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More than a year has passed since COVID-19 first closed public gatherings and changed our lives on a global scale. Although some things are starting to return to the pre-pandemic track, such as the vaccinated members of the royal family appearing in person again, other things are still changing. An example of this: the Queen’s Easter tradition is to go to St. George’s Church on holiday with her family.
Of course, due to the first blockade in the United Kingdom, the traditional walking route was cancelled last year, but this year it seems that it may not be restored. Although St. George’s Church is temporarily closed to the public, reports indicate that residents of Windsor Castle will participate in Easter activities, but it is currently not expected that the Queen will participate.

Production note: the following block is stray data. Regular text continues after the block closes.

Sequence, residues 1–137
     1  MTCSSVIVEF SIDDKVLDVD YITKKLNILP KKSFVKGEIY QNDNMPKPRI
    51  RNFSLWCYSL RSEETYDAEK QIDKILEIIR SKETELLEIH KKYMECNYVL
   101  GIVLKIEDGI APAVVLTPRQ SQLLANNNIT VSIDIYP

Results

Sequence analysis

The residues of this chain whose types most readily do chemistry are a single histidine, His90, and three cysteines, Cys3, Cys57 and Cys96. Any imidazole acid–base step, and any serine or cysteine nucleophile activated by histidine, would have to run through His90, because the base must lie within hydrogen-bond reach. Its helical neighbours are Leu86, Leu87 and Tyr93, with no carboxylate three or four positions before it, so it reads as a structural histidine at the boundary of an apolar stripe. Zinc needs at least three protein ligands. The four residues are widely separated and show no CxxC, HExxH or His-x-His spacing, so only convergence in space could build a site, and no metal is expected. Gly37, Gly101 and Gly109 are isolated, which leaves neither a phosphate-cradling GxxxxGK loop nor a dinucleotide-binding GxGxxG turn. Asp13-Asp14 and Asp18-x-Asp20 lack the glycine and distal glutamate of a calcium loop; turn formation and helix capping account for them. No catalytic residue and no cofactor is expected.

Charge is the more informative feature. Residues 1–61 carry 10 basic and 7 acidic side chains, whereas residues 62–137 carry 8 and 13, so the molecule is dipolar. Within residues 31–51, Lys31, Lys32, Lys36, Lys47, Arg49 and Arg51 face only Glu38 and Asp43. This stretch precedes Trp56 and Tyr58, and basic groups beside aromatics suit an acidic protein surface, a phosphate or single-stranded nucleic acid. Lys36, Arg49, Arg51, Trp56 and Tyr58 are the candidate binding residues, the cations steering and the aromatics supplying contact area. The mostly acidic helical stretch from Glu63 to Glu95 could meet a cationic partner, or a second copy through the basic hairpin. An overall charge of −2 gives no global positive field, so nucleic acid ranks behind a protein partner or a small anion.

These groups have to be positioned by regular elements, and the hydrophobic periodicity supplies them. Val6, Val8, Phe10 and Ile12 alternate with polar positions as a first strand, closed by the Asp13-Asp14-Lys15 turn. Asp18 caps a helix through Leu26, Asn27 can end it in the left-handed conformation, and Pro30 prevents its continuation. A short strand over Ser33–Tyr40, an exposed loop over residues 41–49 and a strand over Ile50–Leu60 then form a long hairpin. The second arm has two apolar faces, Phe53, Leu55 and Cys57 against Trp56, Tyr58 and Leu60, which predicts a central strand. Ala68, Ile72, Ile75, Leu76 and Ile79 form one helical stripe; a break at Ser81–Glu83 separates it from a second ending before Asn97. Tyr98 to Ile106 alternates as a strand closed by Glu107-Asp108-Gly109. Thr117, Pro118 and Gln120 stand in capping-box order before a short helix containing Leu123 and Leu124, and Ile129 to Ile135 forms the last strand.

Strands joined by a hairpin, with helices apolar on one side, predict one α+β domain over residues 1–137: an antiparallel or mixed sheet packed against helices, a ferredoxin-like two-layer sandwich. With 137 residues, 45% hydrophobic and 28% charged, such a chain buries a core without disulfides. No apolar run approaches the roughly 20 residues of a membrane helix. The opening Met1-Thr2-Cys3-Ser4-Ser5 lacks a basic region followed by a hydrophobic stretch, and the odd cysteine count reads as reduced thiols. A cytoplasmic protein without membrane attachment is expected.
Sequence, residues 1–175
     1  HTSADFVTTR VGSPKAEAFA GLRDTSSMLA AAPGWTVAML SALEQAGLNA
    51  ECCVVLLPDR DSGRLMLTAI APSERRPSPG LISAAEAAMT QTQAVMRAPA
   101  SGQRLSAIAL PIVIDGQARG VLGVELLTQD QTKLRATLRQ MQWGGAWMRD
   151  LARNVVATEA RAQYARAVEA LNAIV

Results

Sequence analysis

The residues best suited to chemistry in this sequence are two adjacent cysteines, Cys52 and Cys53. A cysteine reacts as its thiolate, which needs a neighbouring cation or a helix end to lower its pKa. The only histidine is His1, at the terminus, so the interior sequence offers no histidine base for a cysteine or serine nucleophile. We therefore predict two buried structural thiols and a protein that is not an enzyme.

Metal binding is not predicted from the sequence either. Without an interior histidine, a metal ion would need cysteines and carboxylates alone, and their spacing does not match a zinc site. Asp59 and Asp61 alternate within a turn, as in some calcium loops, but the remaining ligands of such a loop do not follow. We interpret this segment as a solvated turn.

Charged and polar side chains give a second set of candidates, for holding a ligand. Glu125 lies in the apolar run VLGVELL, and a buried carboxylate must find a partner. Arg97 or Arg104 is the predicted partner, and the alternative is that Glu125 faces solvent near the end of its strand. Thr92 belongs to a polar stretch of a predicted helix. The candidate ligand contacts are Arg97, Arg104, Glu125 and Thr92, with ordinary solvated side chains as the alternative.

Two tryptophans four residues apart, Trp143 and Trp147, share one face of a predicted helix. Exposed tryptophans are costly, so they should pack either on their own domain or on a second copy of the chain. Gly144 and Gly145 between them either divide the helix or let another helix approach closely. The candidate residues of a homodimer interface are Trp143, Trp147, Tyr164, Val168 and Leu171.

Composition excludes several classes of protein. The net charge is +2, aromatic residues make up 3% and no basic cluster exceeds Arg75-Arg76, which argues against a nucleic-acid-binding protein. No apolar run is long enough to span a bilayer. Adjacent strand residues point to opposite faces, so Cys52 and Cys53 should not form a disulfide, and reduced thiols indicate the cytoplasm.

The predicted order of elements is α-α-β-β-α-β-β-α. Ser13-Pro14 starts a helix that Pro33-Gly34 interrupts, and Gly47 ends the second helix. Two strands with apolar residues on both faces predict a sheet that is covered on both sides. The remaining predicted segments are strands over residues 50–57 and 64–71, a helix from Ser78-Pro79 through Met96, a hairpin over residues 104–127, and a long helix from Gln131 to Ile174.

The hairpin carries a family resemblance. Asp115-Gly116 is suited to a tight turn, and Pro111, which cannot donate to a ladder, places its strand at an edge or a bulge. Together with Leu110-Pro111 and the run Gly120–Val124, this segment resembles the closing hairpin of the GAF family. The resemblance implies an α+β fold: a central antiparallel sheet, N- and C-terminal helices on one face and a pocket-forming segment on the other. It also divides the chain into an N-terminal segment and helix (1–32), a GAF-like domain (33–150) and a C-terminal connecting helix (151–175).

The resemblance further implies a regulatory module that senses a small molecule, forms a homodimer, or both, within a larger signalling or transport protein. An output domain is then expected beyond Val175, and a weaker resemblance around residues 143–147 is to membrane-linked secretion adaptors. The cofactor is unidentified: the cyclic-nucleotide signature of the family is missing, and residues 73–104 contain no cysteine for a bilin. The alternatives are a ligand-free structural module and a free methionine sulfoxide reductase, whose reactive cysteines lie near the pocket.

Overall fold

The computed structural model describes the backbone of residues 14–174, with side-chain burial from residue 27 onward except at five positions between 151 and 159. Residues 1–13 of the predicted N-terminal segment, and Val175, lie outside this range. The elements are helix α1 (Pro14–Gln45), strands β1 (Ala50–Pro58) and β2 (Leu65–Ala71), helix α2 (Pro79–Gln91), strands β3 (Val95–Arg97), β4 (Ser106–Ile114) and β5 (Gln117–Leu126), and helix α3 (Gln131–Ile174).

A royal source told The Express: “The most important issue is to avoid crowds.” “If we say she is going to church, there may be crowds.” Instead, it is now expected that the queen and the closest to the queen People will celebrate the holiday with personal service. This may mean that other members of the royal family who usually accompany the queen to Easter, such as Prince Philip and the University of Cambridge, will not show up either.
The walk to St. George’s Church is not the only part of the Royal Easter Plan that has changed. On the Thursday before Easter, also known as the Ma Foot Festival, the Queen traditionally distributes special commemorative coins called “full gold” to people who do well in churches and communities. Although she had distributed the coins herself, the ceremony was cancelled last year at the beginning of the pandemic and the coins were sent by mail instead of with. This year, she went through the same process, sending coins to 190 recipients with thank-you letters.
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